Monday, December 6, 2021
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Book review: Releasing the Compassion by Farsley’s Annie Dransfield

Book review by Paul Abraham

“We can be Heroes, just for one day,” sang David Bowie. However, carers are and have to be heroes every single day.

Being a carer has no set working hours, it is a 24/7 role which can be a stressful and lonely existence where you come across more challenges than you expect and from sources you least expected. Thankfully there has now been a book written by a carer for carers which highlights the complex difficulties a carer may face and gives common sense clear advice on how a carer can seek help.

Farsley resident Annie Dransfield has created something very special and unique with her book “Releasing the Compassion”. She brilliantly incorporates her own experiences with a work book, tool kit, and clear advice sections in one very highly readable and informative book.

This is THE book that gives carers the confidence and knowledge to ask questions when faced with the many issues un-responsive service providers throw at them, whether this is financial or administrative arising from a lack of understanding or confusing and conflicting procedures within the same organisation.

Although it is sad to read that there are still many financial and social injustices with regard to obtaining allowances and benefits advice, it is also a relief to acknowledge that society behaviour and attitudes have changed with the use of derogatory terms such as “Spastic” now, thankfully consigned to history and the correct termonology “Cerebal Palsy” being used.

Each chapter will have the carer/reader nodding their head and saying “yes that’s happened/happening to me, finally someone understands”, and realising that there is a way to have things changed and/or improved.

Certain chapters will be more beneficial and informative to different people but I would like to highlight chapter five (Carers’ Qualities and Skills) and chapter seven (Engaging with Agencies).

Chapter five includes the experiences of other carers which is illuminating and also lists the many and varied roles a carer has to take on. It gives you food for thought as the list demonstrates what a carer is, the knowledge required and person skills needed to cope on a daily basis, every day.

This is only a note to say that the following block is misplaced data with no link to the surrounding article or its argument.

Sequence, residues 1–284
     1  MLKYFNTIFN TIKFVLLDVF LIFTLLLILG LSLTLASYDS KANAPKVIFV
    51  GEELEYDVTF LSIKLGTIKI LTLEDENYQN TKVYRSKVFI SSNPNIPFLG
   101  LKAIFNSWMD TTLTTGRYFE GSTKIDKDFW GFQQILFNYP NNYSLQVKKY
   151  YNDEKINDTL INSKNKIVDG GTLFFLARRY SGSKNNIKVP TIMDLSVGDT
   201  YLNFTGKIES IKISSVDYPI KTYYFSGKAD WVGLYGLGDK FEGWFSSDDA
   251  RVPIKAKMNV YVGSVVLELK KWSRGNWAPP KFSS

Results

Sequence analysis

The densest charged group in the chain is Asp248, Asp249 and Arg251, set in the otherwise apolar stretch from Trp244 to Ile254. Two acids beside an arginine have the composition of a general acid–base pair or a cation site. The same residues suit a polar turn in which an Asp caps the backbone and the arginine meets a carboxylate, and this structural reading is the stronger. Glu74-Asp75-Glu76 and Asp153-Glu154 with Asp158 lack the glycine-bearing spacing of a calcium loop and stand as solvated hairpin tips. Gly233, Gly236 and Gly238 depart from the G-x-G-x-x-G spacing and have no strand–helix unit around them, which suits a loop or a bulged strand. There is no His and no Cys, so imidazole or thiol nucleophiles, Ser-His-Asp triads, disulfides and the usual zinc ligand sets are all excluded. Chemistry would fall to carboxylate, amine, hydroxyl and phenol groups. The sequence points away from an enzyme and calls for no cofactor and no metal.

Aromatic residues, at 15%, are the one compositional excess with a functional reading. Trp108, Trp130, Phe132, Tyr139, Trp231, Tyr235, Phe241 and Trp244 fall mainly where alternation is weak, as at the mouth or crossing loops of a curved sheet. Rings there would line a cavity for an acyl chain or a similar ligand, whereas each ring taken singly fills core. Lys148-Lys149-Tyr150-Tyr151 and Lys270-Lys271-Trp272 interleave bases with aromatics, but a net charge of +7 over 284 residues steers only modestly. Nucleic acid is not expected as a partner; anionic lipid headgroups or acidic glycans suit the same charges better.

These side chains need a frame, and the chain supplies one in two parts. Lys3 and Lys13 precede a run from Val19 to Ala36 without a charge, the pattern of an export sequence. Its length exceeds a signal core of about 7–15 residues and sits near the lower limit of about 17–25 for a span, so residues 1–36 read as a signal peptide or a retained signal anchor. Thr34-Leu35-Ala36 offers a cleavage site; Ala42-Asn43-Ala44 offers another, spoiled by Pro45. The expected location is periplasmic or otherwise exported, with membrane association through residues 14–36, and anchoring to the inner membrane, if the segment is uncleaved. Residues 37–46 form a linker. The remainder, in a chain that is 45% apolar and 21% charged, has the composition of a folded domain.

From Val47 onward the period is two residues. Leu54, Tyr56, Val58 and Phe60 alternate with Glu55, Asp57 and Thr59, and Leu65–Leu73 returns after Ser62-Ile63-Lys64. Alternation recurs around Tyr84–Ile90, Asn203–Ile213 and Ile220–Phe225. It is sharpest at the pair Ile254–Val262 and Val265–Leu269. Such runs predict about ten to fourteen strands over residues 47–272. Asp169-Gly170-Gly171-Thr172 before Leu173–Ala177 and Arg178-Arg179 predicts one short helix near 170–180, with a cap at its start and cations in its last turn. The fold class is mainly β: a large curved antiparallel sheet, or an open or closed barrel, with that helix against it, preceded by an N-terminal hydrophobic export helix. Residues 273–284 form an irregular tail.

The issues and barriers faced by carers within chapter seven and how to deal and overcome these hurdles is worthy of a publication on it’s own.

The information and advice is explained clearly and is easy to understand and it makes you wonder why service providers are unable or unwilling to explain procedures in this way, instead of the reader having to check their dictionaries for word meanings or Latin terminology as I have to do on many occasions!

The section explaining the House of Commons motion, in regard to Annie going to the press regarding her frustrating and time-consuming dispute with her bank, due to having a dual username to help both her and her son manage his money easier is an insite to a world few of us will ever step in to, but if we have to, then we have a book which explains everything perfectly.

This is a MUST BUY publication for anyone who is a carer or may become a carer in the future, but also for anyone who wants to see exactly what a carers life and the person they care for has to experience on a sadly too regular a basis.

The book is avaiable from the wonderful independent book shop Truman Books on Farsley Town Street and can also be obtained from Amazon in paperback and also on Amazon KDP, Barnes & Noble, Booktopia and Smashwords while Waterstones will also be stocking it in the very near future.

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